Are new military operations possible in Karabakh? Commentary from Baku
Possibility of new military operations in Karabakh
On September 3, the Azerbaijani Defense Ministry reported a shootout near the city of Shusha (Shushi) in Karabakh and losses incurred by the armed formations of the Armenian side deployed in the territories controlled by the Russian peacekeepers. The “Defense Army” of the unrecognized Nagorno-Karabakh Republic denied this report.
Are new military operations possible in Karabakh? Azerbaijani political scientist Shahin Jafarli comments.
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“Is it possible to conduct a military operation against illegal armed groups in Karabakh? My guess is yes, it is. It can be carried out by coming to an agreement with Russia as it will be impossible without the consent of the Russian side.
But if Russia agrees to this, would there even be a need for a military operation? If it wishes, Russia can send back the forces arriving from Armenia, disarm local (if any) armed groups and the issue will be resolved without a single shot within 2-3 days. The main question is – does Russia want this? Is Russia interested in putting an end to the Karabakh issue by removing one of the parties to the conflict?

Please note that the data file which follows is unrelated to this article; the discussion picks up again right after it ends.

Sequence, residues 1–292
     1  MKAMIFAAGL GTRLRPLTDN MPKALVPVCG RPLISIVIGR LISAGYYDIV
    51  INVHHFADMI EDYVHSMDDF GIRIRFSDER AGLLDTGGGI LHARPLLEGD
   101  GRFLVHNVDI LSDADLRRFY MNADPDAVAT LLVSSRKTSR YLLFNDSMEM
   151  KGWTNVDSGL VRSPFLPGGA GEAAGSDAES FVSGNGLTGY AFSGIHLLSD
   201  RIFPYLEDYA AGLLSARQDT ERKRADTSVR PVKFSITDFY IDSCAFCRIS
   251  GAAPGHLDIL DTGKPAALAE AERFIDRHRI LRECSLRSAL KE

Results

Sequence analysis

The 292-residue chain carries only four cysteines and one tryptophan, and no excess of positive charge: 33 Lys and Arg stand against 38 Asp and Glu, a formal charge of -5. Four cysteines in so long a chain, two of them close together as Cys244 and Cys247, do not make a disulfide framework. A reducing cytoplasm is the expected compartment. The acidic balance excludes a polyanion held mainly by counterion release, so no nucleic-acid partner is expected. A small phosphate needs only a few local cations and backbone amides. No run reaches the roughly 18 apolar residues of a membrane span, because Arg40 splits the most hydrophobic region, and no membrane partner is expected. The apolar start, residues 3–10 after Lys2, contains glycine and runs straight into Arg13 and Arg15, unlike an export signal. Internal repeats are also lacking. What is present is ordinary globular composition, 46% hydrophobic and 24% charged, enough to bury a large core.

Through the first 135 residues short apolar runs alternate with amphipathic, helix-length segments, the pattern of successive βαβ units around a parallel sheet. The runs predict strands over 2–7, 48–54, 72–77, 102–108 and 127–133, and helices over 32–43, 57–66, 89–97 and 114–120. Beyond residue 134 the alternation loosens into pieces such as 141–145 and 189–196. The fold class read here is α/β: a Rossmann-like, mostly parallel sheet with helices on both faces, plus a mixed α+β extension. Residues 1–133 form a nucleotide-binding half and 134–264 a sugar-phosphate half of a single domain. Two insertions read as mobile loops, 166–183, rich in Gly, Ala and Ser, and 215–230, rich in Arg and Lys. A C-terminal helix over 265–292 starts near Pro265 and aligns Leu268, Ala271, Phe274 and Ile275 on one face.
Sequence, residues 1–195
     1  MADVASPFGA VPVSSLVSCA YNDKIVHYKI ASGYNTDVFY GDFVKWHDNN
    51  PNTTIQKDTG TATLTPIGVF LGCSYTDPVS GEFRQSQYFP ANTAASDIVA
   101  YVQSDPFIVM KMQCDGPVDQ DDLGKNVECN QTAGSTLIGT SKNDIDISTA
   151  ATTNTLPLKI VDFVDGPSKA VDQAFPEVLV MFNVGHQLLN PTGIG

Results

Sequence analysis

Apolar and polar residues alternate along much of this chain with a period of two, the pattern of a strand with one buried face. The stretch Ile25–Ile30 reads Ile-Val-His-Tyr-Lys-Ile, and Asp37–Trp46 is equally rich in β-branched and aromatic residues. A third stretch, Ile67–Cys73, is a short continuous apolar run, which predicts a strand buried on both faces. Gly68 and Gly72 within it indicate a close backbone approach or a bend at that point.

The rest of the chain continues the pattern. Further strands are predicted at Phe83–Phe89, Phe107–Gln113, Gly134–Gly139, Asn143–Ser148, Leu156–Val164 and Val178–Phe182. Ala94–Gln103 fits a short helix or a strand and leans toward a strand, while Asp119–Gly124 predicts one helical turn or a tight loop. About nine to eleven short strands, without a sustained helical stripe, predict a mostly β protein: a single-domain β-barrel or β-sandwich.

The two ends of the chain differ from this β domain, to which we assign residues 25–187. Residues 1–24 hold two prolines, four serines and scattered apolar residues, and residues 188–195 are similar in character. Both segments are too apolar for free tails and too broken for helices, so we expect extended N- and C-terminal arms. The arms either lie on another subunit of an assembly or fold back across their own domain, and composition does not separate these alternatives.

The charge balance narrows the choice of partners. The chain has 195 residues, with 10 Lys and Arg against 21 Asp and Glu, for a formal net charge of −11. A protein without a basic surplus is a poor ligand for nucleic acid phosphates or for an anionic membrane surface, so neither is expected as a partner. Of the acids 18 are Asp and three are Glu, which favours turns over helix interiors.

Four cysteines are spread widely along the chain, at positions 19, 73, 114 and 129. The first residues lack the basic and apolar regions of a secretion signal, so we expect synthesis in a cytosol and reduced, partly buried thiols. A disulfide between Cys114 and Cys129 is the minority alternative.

I think it does not, at least not yet. The comic nature of this situation is that it (the removal of one of the parties) contradicts the very statement of November 10, 2020. According to the clauses of that document, there is a contact line in Karabakh and there are opposing sides. If there none of the parties are present there and the sovereignty of Azerbaijan extends to Khankendi [the Armenian side calls this city Stepanakert – JAMnews], then what will the peacekeepers do there and why, in this case, did Russia oblige us to sign the statement of November 10? We ourselves were close to solving the problem.
There is only one possible scenario: Russia will agree to the establishment of Baku’s power over Khankendi in exchange for a permanent Russian military base there to ensure the security of the Armenian population – as was the case back in the Soviet times”, Shahin Jafarli wrote on his Facebook page.